New flu vaccine treatment proving a success

A stethoscope.
A stethoscope.

A pilot treatment of school pupils across the Isle and North Lincolnshire to stop the spread of flu has been seen as successful.

A pilot of the nasal flu spray in North Lincolnshire saw 70 per cent of year seven and eight pupils receive the vaccine.

Between last October and December the school nursing team from Northern Lincolnshire and Goole NHS Foundation Trust visited 14 secondary schools immunising a total of 2193 students.

They were one of 13 teams across the country taking part in a pilot of the vaccine and achieved the highest rate of immunisation out of six teams within the North Yorkshire and Humber area.

The team consists of 12 nurses and five healthcare assistants.

School nurse Antonia Morwood said: “Children tend to be good at spreading flu, because they sneeze everywhere and don’t use tissues properly or wash their hands. It’s important we vaccinate them as it may also protect others that are vulnerable to flu such as babies, older people, pregnant women and people with serious long-term illnesses.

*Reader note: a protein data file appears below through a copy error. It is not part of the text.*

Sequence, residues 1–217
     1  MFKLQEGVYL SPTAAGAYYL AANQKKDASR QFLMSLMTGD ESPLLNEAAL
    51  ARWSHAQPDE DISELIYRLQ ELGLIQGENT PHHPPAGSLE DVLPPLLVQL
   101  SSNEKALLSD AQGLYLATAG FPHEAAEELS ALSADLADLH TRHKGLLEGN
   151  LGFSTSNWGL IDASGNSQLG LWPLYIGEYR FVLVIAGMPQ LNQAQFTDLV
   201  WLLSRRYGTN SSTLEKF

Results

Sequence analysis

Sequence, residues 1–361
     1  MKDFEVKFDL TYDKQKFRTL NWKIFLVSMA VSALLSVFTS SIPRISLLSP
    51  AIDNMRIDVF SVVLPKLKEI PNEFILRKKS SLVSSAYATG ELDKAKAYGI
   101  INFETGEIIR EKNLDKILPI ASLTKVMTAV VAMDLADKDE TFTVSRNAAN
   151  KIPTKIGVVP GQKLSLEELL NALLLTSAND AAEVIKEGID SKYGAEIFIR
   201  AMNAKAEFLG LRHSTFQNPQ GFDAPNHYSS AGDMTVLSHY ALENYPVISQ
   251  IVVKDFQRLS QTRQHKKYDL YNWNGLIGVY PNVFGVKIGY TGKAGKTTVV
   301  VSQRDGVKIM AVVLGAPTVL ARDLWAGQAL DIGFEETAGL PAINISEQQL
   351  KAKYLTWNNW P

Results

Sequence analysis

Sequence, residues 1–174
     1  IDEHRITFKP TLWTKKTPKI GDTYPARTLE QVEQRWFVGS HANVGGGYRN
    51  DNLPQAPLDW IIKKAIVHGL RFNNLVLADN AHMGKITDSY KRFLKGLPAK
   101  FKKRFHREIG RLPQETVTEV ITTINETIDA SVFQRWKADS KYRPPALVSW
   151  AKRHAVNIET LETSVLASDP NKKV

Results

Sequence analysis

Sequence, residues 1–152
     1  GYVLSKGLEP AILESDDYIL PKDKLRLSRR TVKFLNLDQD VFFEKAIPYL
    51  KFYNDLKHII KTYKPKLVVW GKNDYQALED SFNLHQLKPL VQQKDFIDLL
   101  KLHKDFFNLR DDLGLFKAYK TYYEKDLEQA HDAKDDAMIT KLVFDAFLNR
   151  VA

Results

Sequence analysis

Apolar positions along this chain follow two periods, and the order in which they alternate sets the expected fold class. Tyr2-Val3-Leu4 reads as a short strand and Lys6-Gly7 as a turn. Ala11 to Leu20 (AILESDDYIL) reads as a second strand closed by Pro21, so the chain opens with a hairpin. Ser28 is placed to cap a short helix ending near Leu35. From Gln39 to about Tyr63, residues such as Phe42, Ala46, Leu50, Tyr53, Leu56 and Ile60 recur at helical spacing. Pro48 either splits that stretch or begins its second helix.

“The big advantage of the nasal spray vaccine is that it is needle free. It is a quick and painless way of administrating the vaccine and less daunting for children. There are also very few side effects, the main one being a runny nose.”

Kim Walton, operational matron for children’s services, said: “We’re really pleased with how the pilot has worked. It’s been a big task to immunise so many children and our school nurses have worked hard to achieve a 70 per cent uptake rate. They’ve worked in partnership with local schools and our child health team to ensure parents were given all the information they needed to decide whether to give consent for their child to have the vaccine.”

The pilot took place to help determine the best approach to implementing the programme, which will eventually see all children from the age of two to 17 offered the vaccine.